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Increasing complexity within the monitoring and control core infrastructures of Australia’s utility operators may make them more susceptible to cyber attacks that could cause widespread disruption across the country, according to a warning from industry experts.

Speaking during an industry round-table discussion in Sydney on cybersecurity in the utilities sector, Ivan Fernandez, industry director at analyst firm Frost & Sullivan, said that for electricity generators and distributors, complexity is being created by the growing number of small producers feeding power into the grid.

According to Fernandez, the output from wind farms and solar arrays must be carefully monitored and controlled to ensure that they do not have a detrimental impact on stability. However, this control may well be the subject of cyber attacks.

“In the area of water supply, the growing number of sensors and automated controls is leading to more interconnected grids. Operators must juggle the challenges of maintaining supply and efficiency with preventing cyber attacks against essential infrastructure.

“What we are talking about is a rapidly increasing attack surface for cybercriminals. Infrastructures which, until now, have operated in isolation are being connected in ways never before imagined.”

Fernandez cites Energy Networks Australia and the CSIRO estimates that more than 40% of customers would have adopted on-site generation by 2027.

“In addition, the mainstreaming of smart meters opens up more security issues that will need to be addressed,” he warns.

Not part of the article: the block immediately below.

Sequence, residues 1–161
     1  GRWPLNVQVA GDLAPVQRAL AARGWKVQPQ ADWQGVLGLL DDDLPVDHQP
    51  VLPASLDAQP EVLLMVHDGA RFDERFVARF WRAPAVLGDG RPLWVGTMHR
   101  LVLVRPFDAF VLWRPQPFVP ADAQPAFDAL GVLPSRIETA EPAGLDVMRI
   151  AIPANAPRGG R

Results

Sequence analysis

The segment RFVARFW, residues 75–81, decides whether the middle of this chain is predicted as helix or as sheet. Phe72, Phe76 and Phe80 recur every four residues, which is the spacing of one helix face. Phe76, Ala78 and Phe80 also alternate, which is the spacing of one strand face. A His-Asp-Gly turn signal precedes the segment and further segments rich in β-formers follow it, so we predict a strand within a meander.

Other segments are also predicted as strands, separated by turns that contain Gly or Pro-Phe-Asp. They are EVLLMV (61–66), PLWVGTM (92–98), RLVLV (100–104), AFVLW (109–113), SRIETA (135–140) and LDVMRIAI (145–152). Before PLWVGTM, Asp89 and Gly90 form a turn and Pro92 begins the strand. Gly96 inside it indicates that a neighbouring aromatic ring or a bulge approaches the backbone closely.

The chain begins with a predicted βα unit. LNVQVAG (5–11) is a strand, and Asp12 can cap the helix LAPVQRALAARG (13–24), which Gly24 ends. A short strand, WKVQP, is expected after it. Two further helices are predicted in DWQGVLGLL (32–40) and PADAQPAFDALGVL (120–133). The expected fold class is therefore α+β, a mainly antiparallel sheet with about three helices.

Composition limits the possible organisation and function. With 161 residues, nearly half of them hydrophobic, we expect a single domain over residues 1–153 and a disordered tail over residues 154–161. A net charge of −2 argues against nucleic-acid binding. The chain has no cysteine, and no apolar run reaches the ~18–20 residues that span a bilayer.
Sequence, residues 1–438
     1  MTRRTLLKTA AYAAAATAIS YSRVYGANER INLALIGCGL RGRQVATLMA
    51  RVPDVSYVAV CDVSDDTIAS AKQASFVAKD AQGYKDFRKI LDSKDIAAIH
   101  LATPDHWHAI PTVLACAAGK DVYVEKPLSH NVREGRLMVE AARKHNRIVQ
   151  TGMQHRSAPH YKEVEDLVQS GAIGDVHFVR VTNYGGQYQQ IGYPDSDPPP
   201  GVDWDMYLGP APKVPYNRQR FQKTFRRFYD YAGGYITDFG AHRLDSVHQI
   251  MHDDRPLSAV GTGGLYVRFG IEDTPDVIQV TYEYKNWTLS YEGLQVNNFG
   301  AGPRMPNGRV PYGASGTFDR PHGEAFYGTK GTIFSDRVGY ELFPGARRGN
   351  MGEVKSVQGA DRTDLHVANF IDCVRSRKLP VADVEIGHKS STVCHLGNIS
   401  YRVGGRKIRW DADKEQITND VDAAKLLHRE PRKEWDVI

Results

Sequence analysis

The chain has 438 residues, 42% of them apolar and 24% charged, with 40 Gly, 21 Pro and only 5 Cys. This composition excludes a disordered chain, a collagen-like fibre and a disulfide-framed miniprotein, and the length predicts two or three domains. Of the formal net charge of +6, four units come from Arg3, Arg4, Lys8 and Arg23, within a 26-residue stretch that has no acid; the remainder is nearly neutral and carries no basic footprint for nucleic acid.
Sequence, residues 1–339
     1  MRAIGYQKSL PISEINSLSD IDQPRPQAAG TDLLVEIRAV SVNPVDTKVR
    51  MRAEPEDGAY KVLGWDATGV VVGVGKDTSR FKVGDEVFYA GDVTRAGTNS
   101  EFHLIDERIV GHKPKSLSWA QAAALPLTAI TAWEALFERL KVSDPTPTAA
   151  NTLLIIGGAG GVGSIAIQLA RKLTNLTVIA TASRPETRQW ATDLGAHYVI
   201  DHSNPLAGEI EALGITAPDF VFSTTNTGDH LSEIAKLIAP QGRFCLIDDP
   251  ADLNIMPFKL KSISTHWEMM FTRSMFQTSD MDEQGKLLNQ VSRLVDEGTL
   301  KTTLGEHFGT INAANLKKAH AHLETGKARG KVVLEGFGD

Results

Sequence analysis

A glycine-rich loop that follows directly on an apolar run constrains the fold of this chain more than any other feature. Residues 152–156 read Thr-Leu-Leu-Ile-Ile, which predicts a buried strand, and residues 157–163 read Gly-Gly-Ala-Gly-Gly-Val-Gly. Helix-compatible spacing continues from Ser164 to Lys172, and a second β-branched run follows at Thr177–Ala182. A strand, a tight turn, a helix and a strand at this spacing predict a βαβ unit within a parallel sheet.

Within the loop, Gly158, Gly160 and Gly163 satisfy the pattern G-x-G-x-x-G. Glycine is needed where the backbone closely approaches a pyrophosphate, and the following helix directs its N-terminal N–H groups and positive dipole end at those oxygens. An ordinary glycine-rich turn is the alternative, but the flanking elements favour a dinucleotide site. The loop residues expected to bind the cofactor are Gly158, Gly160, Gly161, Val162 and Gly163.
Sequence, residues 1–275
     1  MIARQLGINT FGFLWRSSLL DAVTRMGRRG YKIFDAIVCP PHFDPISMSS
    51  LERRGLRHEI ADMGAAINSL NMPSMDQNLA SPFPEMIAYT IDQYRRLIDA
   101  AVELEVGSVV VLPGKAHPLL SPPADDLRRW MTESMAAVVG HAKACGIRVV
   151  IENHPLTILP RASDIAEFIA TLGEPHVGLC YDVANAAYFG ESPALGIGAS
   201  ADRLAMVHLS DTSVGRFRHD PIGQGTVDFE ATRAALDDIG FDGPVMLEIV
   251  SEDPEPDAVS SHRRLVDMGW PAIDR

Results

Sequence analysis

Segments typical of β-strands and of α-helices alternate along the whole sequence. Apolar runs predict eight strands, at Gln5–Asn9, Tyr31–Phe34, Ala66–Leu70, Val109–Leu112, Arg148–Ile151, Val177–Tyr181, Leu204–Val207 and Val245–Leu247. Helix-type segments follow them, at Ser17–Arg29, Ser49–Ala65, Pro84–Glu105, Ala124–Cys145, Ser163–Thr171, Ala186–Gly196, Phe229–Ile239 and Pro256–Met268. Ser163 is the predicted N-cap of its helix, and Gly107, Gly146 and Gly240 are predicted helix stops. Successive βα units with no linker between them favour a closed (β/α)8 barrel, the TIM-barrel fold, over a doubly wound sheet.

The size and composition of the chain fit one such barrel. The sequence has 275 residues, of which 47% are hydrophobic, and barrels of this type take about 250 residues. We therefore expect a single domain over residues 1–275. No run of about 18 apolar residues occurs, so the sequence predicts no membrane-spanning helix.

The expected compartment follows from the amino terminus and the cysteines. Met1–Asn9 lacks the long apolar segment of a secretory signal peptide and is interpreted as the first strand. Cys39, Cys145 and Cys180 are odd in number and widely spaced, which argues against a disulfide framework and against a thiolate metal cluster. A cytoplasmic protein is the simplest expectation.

In the water sector, Fernandez says water providers are increasingly shifting to decentralised treatment plants, more complex recycling and resource-recovery systems, as well as smart water meters – all of which require increasing levels of connectivity for monitoring and control.

“We are likely to see a rising number of cyberattacks directed at the SCADA systems that sit at the heart of these infrastructures,” he says. “They will be open to threats with which they were never designed to withstand. It’s a clash between traditional operational technology and new information technology.”

And another industry executive, Giovanni Polizzi, Energy Solutions Manager at technology company, Indra, says the challenge of implementing effective security is becoming even greater with the emergence of the Internet of Things.

“You have a growing number of devices across the utility infrastructure that have never before been connected to the internet,” he says. “This may create security issues as it opens new opportunities for cyber criminals to launch attacks.”

According to Polizzi, operators of OT systems need to “look to the IT world to understand the types of preventive security measures they need to put in place”.

“A close collaboration between IT and OT teams is the best way to understand the challenges being faced and the steps required to overcome them, but also a great opportunity to strengthen the security of the entire infrastructure, IT and OT,” Polizzi says.